How To Design And Query Data In Cosmos DB

Introduction 

 
Welcome back to the second article in an overview of CosmosDB – start from scratch article series. In the previous article, we discuss related to the basic concepts of the No-SQL Database include an overview of Cosmos DB, the Hierarchy structure of a Cosmos DB, etc. We also discuss how to create Cosmos DB using Azure Portal and the migration steps from any other database to Cosmos DB with the help of different tools. Now, in this article, we will discuss the design process related to the Cosmos DB. We also discussed related to different types of Query in Cosmos DB. If you want to read the previous article of this series, then please click on the below links:
As we all know, Cosmos DB is a document database that can be run in SQL API or MongoDB API modes. So, we can perform the different types of Query and can interact with the database at the grain of schema-free documents. Documents of a similar type are organized into a collection. In this article, we will discuss how to design documents or collection to fulfill the business requirements. Also, we will discuss how to use the SQL API to build applications that use these documents. So, at the end of this article, the reader can be able to get an idea about the below points:
  • The basic concept related to the document models in Azure Cosmos DB
  • Concept of Partitioning Collections in Azure Cosmos DB
  • Query Data in SQL API Based Cosmos DB Database

Overview of Documents and Collection with Relations

 
As we discussed in the previous article, Cosmos DB supports the document database model. Maybe the document database model is new to some of us, especially related to the relational database model. So, first, let's compare the logical architecture of the document database along with the relational database like Microsoft SQL Server.
 
 Document Database  Relational Database
 Collections  Tables
 Documents  Rows
 Properties  Columns
 Denormalized  Normalized
 Schema-less  Declarative Schema
 No Referential Integrity  Referential Integrity
 
The logical unit of data in a document database is a document – which is roughly equivalent to a relational row. Every document might have a different number of properties and associated values. Other than requiring that each document in the database has a unique identifier, there are no constraints on the schema of a document; each document in a document database might have a different set of properties. In Cosmos DB, a group of documents is stored together in a collection; collections are typically used to group a set of documents with common characteristics—for example, purchase orders, or personnel records—but there’s no requirement that all the documents in a collection represent the same type of object, or that they have the same schema.
 
In every document database, documents represent a serialized version of a programming object. As a result, sometimes it allows some repetition of data (or denormalizing) to provide simple query functionality and better performance. Many document model-based database systems like MongoDB always force simple queries because they do not support JSON operations in queries. But Cosmos DB SQL API does support a form of a JOIN syntax which will be discussed later in this article.
 

Documents Structure in the Document Database

 
In a Cosmos DB SQL API based database, normally documents are stored in JavaScript Object Notation (JSON) format. JSON is an industry-standard format for exchanging structured data. It is mainly derived from a subset of the JavaScript type system. Most of the programming languages include libraries that are used parsing JSON objects into native objects. The SQL API includes supports for GeoJSON – an extension to JSON used for encoding geospatial information – such as geographical latitude and longitude.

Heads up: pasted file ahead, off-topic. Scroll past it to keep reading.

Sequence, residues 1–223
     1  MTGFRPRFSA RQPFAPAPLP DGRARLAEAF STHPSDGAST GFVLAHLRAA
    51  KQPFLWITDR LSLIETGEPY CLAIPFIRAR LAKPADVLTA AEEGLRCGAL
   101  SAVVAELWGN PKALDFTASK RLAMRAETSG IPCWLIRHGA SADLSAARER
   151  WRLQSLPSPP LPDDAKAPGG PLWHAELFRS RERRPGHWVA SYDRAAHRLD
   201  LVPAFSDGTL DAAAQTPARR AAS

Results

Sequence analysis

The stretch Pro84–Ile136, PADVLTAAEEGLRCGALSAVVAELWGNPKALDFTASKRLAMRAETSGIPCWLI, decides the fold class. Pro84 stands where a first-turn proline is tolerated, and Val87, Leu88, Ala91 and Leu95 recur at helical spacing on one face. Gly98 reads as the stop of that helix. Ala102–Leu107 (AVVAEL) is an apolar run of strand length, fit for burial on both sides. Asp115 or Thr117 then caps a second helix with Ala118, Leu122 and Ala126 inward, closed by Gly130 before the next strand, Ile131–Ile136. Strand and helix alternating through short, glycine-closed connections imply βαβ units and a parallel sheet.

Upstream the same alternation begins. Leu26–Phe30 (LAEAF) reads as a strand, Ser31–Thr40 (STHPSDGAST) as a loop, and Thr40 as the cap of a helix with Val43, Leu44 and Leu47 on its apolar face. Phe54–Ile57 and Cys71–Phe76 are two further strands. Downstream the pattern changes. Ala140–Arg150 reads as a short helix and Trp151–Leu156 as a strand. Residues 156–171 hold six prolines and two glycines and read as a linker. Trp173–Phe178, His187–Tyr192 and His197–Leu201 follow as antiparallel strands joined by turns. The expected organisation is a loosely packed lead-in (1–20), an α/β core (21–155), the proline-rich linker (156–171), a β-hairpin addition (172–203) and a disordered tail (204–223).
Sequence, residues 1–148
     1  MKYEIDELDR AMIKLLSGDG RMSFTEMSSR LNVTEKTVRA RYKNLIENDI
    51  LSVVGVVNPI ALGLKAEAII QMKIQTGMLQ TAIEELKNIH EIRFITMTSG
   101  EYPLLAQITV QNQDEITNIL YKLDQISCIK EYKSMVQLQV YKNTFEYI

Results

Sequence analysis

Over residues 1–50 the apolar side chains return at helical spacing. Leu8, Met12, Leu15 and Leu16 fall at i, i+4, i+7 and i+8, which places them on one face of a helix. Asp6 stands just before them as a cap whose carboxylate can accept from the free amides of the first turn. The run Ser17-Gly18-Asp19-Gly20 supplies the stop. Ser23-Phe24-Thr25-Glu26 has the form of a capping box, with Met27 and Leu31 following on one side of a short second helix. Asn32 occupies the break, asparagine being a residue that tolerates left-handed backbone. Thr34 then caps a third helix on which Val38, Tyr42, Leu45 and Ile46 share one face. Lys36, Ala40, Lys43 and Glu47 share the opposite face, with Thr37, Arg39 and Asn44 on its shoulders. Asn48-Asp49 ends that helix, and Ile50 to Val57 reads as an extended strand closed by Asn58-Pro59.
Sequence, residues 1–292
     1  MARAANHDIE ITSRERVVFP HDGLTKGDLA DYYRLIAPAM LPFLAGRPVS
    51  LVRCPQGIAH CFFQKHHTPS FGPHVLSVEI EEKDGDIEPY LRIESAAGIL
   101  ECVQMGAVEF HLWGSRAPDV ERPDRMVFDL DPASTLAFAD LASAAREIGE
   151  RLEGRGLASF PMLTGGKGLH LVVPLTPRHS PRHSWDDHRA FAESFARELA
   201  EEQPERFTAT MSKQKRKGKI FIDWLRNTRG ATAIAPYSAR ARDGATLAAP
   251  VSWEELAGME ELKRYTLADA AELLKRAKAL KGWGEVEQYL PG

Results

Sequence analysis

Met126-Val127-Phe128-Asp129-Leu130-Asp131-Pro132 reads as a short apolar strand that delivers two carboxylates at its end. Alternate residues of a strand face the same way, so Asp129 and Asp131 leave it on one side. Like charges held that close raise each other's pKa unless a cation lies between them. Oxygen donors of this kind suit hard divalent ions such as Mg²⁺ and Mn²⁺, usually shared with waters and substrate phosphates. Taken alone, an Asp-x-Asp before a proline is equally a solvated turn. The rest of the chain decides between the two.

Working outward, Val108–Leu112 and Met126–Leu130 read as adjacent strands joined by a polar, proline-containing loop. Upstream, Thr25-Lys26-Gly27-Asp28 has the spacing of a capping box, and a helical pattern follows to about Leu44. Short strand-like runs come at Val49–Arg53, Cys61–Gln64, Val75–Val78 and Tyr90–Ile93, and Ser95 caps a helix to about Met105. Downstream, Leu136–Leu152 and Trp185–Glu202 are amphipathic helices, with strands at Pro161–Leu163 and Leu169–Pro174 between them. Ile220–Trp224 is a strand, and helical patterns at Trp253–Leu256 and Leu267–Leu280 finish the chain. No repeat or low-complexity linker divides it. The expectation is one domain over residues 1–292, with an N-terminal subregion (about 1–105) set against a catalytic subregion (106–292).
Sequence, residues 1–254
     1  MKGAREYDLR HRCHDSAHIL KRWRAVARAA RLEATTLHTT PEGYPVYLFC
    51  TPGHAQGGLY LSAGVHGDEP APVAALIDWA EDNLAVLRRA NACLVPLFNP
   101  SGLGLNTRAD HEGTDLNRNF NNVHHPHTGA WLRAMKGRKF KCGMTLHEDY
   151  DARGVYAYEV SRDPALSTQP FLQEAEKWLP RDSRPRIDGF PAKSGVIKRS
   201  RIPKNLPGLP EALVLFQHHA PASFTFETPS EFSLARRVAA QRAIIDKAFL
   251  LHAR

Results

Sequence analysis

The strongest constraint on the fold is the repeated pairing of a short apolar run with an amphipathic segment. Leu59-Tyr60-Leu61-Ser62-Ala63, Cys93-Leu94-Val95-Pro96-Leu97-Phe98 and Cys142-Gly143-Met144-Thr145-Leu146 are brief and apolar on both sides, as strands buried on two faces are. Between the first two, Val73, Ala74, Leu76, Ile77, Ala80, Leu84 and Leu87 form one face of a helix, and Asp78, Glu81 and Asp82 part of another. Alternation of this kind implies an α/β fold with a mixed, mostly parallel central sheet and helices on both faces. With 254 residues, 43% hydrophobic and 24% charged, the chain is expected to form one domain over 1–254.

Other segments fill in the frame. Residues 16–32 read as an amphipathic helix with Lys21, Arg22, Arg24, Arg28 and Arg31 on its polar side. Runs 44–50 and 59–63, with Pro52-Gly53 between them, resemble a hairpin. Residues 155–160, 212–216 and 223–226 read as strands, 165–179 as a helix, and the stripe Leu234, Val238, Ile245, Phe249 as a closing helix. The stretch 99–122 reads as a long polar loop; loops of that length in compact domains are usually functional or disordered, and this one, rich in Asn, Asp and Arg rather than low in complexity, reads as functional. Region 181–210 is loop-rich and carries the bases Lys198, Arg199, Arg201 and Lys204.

There are some key points which need to be remembered for Document structure in the document database:
  • Documents are stored as JSON format data.
  • Document Database supports GeoJSON for geometry related data
  • Each document must be a total size of 2 MB or less than 2 MB.
  • If the document contains binary blobs data and its size is above 2 MB, then need to store it as attachments.
  • Each document contains some default system properties like _rid, _etag, _ts, and _self.
  • It is automatically added against each document (as a GUID) if the application or source data does not have it.
Attachments
 
Although a single document should be no larger than 2 MB, you can associate binary blobs with a document by using an attachment. An attachment is a pointer record from a document inside the database to a blob stored elsewhere. You are permitted to create attachments linked to blobs in the Cosmos DB blob store up to a maximum total of 2 GB per database account—or you create attachments to blobs of unlimited size held external to the database, in services such as Azure Blob Store, or Microsoft OneDrive. The _media property of the attachment holds a URI to the blob location. 
 

Document System Generated Properties

 
When you add a document to a Cosmos DB SQL API database, several system-generated properties are added to the document. The names of all system-generated properties are prefixed with an underscore (_),
 
 Property  Purpose
 _rid  Internal Unique Identifier
 _etag  Used for concurrency control
 _ts  The timestamp of the last update to the document expressed as seconds elapsed since January 1, 1970
 _self  A unique URI for the document
 
Besides, all documents in a SQL API database must have an ID property. If you don’t specify an ID property when you create a document, the database will automatically generate an ID using a globally unique identifier (GUID). 
 

Partitioning Collections in Cosmos DB

 
Cosmos DB supports logical partitioning and physical partitioning to provide predictable performance for data at any scale.
 
Logical partitioning
 
When we create a collection, our primary design focus is to select a partitioning key. A partitioning key defines a logical partition that is a grouping of all the data associated with each partitioning key value. The logical boundary that is defined by a partitioning key determines the scope of unique keys and atomic transactions in the collection; a unique key or transaction cannot extend beyond a single logical partition.